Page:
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Aristotle, projectiles and guns

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When guns were developed in Europe in the 14th century, the theory of projectile motion was not the one we are familiar with today due to Galileo and Newton but the one taught by Aristotle approximately 1700 years earlier. In addition to Aristotle’s wide-ranging philosophical concerns, his theory arose from the observation in everyday life that if an object is moving something must be moving it. This idea works very well for the horse and cart but is puzzling if you apply it to a thrown stone or spear. Problems with Aristotle’s theory of projectile motion were identified by one or two people between his time and the 14th century, particularly John Philiponus (6th century AD) and John Buridan (14th century AD). An archer or a spearman does not need a theory of projectile motion, just a great deal of practice. But once the gun was invented it became important to know what angle a barrel should be oriented at and how much propellant to use, particularly as gunpowder was expensive. However, for many years afterwards the manufacturing techniques used meant that cannonballs were a loose fit to gun-barrels making cannons both inaccurate and of poor reproducibility shot-to-shot. Also air resistance makes the trajectory both impossible to calculate and qualitatively similar to theories based on Aristotle’s writings. It was not until Galileo and Newton worked on the problem that a better theory of ideal projectile motion was arrived at.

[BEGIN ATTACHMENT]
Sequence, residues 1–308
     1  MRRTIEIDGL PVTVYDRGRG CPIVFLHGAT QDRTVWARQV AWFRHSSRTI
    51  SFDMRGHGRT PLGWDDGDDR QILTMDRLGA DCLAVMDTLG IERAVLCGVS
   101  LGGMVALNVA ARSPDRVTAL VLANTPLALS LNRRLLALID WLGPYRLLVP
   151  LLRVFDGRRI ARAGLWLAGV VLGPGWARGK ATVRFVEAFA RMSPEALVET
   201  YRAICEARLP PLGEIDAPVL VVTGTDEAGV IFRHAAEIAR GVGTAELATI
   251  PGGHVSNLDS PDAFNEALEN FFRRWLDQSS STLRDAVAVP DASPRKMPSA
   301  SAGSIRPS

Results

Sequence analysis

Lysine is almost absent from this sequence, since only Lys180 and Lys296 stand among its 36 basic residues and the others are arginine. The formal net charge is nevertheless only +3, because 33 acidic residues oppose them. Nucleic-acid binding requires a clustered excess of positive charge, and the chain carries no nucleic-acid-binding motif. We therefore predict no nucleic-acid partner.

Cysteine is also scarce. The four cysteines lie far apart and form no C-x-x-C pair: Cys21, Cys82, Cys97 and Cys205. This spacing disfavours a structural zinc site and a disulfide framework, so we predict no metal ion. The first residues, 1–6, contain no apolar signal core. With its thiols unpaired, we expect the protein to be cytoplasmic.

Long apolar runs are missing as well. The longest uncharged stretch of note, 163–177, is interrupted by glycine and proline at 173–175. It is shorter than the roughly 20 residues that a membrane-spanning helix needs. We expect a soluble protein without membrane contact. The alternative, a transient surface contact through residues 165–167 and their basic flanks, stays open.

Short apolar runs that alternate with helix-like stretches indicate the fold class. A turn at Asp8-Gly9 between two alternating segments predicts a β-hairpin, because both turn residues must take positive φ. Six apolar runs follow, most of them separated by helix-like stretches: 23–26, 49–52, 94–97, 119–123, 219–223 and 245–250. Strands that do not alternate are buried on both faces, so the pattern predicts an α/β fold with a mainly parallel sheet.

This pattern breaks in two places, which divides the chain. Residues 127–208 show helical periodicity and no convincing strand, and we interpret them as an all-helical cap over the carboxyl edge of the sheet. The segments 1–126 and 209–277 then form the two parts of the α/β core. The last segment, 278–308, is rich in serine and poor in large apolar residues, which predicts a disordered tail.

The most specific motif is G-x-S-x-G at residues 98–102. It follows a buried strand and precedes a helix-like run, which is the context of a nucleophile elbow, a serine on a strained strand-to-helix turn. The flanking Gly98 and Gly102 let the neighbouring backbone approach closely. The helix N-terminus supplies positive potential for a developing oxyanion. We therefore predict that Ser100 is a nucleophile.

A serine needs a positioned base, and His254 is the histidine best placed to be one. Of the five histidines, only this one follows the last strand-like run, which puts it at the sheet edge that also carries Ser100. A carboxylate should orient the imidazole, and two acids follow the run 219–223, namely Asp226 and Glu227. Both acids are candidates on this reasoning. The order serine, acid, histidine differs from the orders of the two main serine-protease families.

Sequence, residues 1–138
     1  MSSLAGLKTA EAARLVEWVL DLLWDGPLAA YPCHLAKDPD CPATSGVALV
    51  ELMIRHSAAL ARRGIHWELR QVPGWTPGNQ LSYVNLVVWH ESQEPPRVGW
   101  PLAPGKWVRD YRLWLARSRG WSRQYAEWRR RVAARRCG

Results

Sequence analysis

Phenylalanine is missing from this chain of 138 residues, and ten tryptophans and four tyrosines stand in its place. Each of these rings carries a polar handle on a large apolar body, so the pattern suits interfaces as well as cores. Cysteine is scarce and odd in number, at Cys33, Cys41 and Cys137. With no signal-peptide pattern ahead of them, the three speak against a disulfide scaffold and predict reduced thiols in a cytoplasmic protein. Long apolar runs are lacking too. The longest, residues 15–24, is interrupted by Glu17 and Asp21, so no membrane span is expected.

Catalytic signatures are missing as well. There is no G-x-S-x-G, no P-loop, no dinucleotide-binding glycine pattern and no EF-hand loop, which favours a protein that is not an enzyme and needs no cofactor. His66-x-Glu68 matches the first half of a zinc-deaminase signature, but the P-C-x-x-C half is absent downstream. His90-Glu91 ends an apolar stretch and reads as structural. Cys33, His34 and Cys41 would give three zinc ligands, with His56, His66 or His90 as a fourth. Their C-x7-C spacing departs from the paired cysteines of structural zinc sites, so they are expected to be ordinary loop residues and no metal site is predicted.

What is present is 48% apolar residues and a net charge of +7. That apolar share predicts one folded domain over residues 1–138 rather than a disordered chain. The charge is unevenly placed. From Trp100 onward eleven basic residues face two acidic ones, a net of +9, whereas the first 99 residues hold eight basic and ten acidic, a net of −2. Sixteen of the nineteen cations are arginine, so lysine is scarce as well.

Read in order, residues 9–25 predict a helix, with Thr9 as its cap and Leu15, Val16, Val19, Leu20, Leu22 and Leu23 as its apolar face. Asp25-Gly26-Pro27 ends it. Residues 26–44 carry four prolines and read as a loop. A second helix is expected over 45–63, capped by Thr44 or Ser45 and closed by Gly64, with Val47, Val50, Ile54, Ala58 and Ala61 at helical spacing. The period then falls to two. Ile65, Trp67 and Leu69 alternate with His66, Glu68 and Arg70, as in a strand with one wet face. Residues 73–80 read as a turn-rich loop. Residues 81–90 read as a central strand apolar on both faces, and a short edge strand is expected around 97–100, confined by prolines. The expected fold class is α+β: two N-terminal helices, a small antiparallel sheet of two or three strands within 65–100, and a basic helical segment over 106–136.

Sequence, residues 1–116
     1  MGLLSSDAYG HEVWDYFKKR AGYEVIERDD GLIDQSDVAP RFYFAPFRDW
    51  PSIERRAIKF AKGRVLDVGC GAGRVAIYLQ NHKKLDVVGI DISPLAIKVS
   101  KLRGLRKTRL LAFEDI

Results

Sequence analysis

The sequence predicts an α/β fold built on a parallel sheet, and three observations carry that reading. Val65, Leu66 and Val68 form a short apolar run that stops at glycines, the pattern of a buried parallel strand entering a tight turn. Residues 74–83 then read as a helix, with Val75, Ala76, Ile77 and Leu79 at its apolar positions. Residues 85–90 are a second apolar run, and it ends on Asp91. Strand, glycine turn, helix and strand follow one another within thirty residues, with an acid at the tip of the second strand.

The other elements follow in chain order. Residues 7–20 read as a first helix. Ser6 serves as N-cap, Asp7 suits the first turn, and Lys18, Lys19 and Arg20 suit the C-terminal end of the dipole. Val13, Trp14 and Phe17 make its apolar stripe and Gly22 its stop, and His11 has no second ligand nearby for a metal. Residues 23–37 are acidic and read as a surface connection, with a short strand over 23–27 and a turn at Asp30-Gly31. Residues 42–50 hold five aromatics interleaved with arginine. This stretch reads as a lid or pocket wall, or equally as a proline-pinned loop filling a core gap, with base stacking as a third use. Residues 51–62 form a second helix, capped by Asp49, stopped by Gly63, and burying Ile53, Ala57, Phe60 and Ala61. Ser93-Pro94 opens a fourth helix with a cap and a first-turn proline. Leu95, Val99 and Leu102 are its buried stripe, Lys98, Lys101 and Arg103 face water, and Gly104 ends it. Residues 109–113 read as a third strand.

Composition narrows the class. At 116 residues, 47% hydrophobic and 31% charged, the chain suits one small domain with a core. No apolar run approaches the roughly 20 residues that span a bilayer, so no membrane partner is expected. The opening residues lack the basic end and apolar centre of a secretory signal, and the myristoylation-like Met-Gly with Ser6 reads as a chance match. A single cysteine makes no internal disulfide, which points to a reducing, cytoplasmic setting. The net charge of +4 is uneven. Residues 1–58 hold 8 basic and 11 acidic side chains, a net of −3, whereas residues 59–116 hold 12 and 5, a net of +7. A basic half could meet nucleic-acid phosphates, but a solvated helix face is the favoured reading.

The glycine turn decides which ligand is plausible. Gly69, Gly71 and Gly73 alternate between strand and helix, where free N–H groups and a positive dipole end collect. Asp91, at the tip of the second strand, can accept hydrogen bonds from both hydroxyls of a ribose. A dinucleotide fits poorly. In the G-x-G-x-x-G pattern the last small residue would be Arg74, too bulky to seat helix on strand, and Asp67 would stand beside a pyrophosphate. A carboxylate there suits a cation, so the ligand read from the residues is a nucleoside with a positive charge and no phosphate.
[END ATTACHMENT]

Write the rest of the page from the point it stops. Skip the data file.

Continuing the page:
This talk is part of the Surfaces, Microstructure and Fracture Group series.

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